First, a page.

Nurse Types / Hematology Nurse
Hematology is the study of blood and blood diseases. This field is on the frontline of some of medicine’s most exciting treatment advances. If this has captured your interest, you may have decided you would like to become a hematology nurse.
The unique opportunities this affords are worth pursuing. Not only will you be involved in the science of hematology, but you will be a part of making a difference in patients’ lives.
If you’re wondering where to start, we’ve put together a guide to help make it easier to achieve your goal of becoming a hematology nurse. We’ll discuss:
- What is a hematology nurse?
- What do hematology nurses do?
- Where do hematology nurses work?
- What are specific types of hematology nurses?
- How do you become a hematology nurse in 3 steps?
- What are additional requirements of hematology nurses?
- What are the salary and career outlooks of hematology nurses?
What is a hematology nurse?
Hematology nurses work to treat blood and bone marrow disorders. Their role is often paired with oncology, due to the similarities between the two fields.
A hematology nurse is part of a larger team of doctors and researchers that develop treatment plans to help people diagnosed with these health concerns.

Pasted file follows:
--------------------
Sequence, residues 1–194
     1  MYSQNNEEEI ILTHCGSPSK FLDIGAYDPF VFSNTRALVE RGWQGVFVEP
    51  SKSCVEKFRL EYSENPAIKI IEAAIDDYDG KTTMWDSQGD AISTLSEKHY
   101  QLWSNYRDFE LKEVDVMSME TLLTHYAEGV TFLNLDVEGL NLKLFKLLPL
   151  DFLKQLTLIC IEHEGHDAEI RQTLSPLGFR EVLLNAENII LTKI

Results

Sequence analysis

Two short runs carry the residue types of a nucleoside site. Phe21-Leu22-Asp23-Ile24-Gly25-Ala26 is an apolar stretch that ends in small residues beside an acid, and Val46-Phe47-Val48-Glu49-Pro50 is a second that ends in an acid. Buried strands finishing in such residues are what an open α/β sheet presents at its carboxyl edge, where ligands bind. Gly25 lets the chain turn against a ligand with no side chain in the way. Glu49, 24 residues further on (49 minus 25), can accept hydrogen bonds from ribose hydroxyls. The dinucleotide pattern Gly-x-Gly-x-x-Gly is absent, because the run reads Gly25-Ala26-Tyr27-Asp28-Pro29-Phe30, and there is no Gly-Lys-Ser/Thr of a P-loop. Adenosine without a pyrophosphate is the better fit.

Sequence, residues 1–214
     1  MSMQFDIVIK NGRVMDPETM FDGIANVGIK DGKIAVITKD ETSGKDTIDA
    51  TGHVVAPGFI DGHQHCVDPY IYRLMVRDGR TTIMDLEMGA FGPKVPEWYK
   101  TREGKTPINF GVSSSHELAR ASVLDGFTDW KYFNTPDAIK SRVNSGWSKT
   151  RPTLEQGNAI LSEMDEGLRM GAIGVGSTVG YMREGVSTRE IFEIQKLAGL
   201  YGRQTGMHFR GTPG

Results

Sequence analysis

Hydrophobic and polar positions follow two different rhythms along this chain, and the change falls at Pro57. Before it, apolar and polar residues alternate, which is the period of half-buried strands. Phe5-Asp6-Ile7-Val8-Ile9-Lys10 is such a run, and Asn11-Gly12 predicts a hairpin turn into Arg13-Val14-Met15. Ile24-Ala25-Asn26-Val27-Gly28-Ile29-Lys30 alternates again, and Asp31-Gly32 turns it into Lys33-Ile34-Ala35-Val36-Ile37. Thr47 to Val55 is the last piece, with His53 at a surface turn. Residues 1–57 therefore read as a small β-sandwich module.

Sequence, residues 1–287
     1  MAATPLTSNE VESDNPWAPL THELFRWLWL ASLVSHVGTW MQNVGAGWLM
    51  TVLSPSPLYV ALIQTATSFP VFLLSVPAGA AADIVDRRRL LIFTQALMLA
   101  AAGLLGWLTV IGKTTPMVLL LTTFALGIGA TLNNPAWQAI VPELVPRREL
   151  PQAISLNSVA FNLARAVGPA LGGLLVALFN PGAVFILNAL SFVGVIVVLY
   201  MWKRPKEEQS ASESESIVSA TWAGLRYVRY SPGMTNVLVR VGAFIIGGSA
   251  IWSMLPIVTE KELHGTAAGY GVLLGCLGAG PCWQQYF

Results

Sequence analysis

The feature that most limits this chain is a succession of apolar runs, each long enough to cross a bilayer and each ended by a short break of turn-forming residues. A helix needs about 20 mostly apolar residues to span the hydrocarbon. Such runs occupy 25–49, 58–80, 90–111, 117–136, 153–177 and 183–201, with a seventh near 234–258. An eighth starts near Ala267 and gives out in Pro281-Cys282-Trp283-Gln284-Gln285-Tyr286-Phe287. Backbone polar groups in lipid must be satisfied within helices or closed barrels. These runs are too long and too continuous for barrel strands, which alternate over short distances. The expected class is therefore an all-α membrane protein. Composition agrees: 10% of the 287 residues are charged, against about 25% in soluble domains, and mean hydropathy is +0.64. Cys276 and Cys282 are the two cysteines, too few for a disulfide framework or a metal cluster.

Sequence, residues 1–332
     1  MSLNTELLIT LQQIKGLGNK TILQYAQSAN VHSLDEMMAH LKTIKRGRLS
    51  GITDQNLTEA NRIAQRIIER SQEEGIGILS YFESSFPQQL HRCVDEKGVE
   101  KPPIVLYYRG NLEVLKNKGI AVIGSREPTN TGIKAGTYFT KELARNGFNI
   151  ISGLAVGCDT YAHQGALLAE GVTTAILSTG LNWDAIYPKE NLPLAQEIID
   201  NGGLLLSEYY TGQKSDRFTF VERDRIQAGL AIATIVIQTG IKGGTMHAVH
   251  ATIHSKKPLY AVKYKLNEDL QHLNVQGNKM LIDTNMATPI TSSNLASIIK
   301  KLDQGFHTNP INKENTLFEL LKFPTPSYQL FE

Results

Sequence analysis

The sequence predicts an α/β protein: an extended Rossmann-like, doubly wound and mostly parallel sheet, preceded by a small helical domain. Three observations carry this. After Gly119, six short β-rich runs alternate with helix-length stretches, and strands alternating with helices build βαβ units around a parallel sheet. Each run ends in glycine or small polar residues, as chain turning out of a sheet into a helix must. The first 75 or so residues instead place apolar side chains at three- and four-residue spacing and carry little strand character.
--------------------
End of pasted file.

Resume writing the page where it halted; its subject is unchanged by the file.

Qualities of a successful hematology nurse
Hematology is a rapidly evolving field of medicine. Hematology nurses must be:
- Able to engage in patient education
- Willing to learn new things
- Good at assessment
- Possess solid communication abilities
- Hold excellent critical thinking skills
- Able to show empathy and patience
What do hematology nurses do?
Treating hematological disorders involves careful assessment of each patient’s progress. Hematology nurses use these assessment skills to review labs and the patient’s treatment plan. A hematology nurse will help treat these problems with specialized infusions and blood transfusions as necessary.
As part of treating these patients, a hematology nurse will:
- Interview patients
- Collect labs such as blood and urine samples
- Provide patient education
- Communicate with the healthcare team
- Review lab results
- Administer medications including IV infusions
- Assist with bone marrow biopsies
- Perform blood transfusions
A day in the life of a hematology nurse
Hematology nurses must think on their feet while delivering bedside care to their patients. They consistently monitor for symptoms like:
- Infusion and transfusion reactions
They’re ready to step in to provide compassionate care when the need arises.
Common conditions treated by hematology nurses
A hematology nurse will see some conditions frequently, and others more rarely. You may be familiar with some of them already, but many you will only see in this specialized role. They include: